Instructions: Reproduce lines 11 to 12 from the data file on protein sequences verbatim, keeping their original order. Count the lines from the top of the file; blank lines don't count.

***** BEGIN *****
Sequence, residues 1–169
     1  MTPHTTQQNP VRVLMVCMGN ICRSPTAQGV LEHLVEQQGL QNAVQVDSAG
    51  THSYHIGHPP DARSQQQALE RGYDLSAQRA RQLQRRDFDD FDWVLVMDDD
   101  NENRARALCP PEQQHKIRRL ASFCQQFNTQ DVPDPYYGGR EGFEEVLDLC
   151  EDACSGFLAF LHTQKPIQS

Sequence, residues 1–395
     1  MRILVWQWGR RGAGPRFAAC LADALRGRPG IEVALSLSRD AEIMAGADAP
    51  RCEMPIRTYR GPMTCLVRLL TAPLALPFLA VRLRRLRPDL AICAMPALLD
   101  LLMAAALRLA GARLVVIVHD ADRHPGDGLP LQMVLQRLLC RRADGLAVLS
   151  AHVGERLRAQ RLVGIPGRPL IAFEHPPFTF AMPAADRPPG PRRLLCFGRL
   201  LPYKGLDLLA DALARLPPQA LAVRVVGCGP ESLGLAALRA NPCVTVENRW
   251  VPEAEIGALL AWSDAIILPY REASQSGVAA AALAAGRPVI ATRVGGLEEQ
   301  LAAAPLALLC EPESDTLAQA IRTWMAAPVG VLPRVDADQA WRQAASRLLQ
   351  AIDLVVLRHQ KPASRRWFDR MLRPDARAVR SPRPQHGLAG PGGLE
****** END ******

   201  LPYKGLDLLA DALARLPPQA LAVRVVGCGP ESLGLAALRA NPCVTVENRW
   251  VPEAEIGALL AWSDAIILPY REASQSGVAA AALAAGRPVI ATRVGGLEEQ